Great Singapore Sale to go online this year with ‘new norm’ shopping experience amid COVID-19 pandemic

People are seen wearing a protective face mask at Orchard Road, Singapore on Jan 28.

SINGAPORE: The Great Singapore Sale (GSS) will be an online affair this year, with online deals, virtual workshops, live-streaming activities and technology like virtual reality for shoppers to create a “new norm” shopping experience amid the COVID-19 pandemic.

The annual sale, which is called “eGSS: Shop. Win. Experience” this year, is set to run from Sep 9 to Oct 10, said its organisers on Thursday (Jul 23).

It is part of the Singapore Tourism Board’s (STB) S$45 million marketing campaign to encourage Singaporeans to take a local holiday and comes after a tough few months for the retail industry, which is among the worst hit by the coronavirus outbreak.

“This year’s strategic direction of eGSS 2020 takes into account the circumstances in which the retail industry is operating in,” said Singapore Retailers Association’s (SRA) president R Dhinakaran in a press release.

The SRA’s existing GoSpree app will be revamped to work on both desktop and mobile, and will “form the backbone in which retailers can leverage on an agnostic unified marketing platform for retailers, F&B operators, hoteliers and attraction operators”, said SRA’s executive director Rose Tong during an online media briefing.

The platform will go “live” in five days, a spokesperson added in response to media queries.

The SRA is organising this year’s GSS in collaboration with the Singapore Furniture Industries Council (SFIC), Textile & Fashion Federation (TaFF) and the Association of Singapore Attractions (ASA).

The business association had said in May that it would not be organising the GSS this year in light of the COVID-19 pandemic. Asked why the SRA is making a U-turn, Ms Tong said it was due to “popular demand” from retailers.

“GSS has been around for 25 years and it still is relevant,” she said. “So the idea of not having it, I think they felt that something was missing.”

Initiatives such as the e-commerce booster package by Enterprise Singapore, have also given retailers a leg-up in going online.

“We felt that it was very timely, that when this eGSS takes off in September, they would have had some experience. They would also be on these marketplaces, if not already creating their e-commerce sites, (and) be well primed by then to be part of this eGSS and to support it actively,” said Ms Tong.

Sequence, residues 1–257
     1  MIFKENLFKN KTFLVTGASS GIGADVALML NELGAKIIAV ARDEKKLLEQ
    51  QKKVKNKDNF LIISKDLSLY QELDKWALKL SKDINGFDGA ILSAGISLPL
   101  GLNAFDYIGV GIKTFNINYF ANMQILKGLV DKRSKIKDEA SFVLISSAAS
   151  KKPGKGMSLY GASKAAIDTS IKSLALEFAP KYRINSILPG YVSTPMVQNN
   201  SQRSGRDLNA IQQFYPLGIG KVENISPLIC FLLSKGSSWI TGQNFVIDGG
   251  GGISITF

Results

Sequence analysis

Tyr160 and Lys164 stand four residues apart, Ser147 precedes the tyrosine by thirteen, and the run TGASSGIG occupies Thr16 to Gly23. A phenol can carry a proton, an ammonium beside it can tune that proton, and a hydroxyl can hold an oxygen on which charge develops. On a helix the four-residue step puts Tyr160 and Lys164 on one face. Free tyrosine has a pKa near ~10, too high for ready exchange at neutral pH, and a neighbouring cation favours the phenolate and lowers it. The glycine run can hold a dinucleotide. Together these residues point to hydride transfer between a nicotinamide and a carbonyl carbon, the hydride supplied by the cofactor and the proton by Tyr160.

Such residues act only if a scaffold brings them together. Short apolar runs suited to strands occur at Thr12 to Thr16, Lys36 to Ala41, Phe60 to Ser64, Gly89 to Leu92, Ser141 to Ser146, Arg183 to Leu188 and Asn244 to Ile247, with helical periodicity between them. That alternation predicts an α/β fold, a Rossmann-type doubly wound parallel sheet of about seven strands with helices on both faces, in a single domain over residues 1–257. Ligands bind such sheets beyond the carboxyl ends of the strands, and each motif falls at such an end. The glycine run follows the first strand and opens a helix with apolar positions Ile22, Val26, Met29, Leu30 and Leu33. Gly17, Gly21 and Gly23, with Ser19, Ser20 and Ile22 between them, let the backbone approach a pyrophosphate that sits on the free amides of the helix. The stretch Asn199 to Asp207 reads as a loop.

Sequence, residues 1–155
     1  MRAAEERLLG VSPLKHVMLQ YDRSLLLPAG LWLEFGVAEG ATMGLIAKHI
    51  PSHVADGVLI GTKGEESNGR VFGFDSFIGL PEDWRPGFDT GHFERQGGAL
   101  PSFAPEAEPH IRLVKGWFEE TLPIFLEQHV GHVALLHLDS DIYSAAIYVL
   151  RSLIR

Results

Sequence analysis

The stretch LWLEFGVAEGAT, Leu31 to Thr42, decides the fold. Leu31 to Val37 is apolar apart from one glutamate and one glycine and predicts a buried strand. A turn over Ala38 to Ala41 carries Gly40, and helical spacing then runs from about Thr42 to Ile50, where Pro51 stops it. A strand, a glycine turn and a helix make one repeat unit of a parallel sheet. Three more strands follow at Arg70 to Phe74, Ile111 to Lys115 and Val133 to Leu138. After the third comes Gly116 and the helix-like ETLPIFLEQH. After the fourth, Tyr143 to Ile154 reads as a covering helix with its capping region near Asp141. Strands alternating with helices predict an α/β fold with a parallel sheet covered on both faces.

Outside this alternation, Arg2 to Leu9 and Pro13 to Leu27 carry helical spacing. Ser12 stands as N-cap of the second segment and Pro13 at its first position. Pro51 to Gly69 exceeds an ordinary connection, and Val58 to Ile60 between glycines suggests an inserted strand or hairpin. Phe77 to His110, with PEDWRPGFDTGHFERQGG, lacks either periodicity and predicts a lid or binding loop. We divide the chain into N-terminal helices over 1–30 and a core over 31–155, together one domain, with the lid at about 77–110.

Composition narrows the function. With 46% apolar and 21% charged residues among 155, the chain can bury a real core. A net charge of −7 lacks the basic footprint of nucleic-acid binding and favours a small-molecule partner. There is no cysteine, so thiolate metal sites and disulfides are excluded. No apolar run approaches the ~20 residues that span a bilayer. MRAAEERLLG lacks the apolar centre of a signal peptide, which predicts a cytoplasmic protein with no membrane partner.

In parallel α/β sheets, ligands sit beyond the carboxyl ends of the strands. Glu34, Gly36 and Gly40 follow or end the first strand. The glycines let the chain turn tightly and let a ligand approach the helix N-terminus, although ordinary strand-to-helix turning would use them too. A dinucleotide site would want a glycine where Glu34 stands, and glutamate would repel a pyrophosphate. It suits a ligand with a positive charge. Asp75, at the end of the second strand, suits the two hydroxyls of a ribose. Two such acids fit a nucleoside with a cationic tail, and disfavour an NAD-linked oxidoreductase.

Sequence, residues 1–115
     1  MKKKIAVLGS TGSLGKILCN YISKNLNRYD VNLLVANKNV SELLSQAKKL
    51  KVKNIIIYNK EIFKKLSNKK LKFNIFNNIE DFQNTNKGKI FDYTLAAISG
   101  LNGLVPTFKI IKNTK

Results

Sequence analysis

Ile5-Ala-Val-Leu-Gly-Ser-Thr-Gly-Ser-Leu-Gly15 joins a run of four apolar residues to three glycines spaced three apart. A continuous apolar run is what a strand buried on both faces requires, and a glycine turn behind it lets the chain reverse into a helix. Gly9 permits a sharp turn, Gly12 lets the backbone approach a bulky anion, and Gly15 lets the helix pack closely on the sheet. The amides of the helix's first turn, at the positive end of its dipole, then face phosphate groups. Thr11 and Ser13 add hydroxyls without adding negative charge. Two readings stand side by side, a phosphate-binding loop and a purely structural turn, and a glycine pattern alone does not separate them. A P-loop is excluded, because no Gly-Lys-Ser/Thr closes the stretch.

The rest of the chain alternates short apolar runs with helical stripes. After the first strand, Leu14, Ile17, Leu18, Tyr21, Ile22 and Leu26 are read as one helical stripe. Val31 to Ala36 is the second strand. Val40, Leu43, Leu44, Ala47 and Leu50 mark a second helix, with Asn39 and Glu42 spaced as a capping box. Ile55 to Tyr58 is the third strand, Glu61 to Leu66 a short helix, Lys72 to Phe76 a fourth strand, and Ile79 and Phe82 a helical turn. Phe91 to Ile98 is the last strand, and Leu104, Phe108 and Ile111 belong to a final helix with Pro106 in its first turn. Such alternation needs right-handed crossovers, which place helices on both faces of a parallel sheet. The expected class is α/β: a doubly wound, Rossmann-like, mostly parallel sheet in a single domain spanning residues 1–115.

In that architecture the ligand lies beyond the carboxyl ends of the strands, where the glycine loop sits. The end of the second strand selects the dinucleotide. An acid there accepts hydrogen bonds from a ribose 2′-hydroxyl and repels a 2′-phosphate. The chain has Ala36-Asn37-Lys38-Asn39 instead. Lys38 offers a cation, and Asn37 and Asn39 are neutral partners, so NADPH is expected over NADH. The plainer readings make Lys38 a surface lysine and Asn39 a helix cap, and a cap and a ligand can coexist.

Asked whether there are concerns about holding the annual sales event amid a grim economic climate, TaFF President Wilson Teo said people still want to spend despite the doom and gloom, and it is up to retailers to get consumers “excited”.

“I think it is still possible if we engage the consumer in the right way … so more importantly, it is whether we are able to offer the experience as well as a compelling offer,” he said.


Highlights of the online GSS include limited daily deals across different categories such as retail, F&B, attractions and hotels.

Shoppers can also take part in interactive games on GoSpree and win prizes, which the organisers hope will direct customers back to the brick-and-mortar stores.

The sales event will also tap on digital technology like virtual reality and augmented reality to give shoppers “an immersive experience” when viewing the products online.

For instance, the SFIC will have a “digital and experiential furniture mini-mall” called the Furniture Centrum. This allows shoppers to make purchases, uncover special promotions while interacting with brands through games and livestreams, said its president Mark Yong.

There will also be virtual workshops for shoppers, as well as live-streaming on Facebook by popular influencers on brands and services. These live-streaming sessions will be held every Wednesday night for two hours with limited products on sale so as “to create a sense of urgency”, said SRA’s Ms Tong.

The ASA is joining the retail sales event for the first time, said its chairman Kevin Cheong, who hopes that this can “remind Singaporeans that there are attractions” at home.

Its members will offer a range of promotions, from family passes to offers with longer validity, as well as connect audiences with online content through the GoSpree platform.

“There are lifestyle, recreation, social activities which can occupy the weekends and even weekdays on your time-off,” said Mr Cheong. “There is a good alternative to traveling and we have it in Singapore.”

The GSS also aims to spur more businesses to embark on digitalisation.

Mr Yong from SFIC said the furniture retail industry has long relied on the traditional brick-and-mortar model. Even with safe distancing measures in place, businesses still find it “very challenging” to attract customers back to its stores.

While many in the industry have started going online, there are many others that the trade body hopes to nudge along the path of digitalisation.

“In essence, the eGSS not only provides the much-needed reprieve for the furniture retail industry, but we also hope that it will pave the way for the entire ecosystem for furniture furnishings (to) embrace digital technology,” he said.

Z24 News

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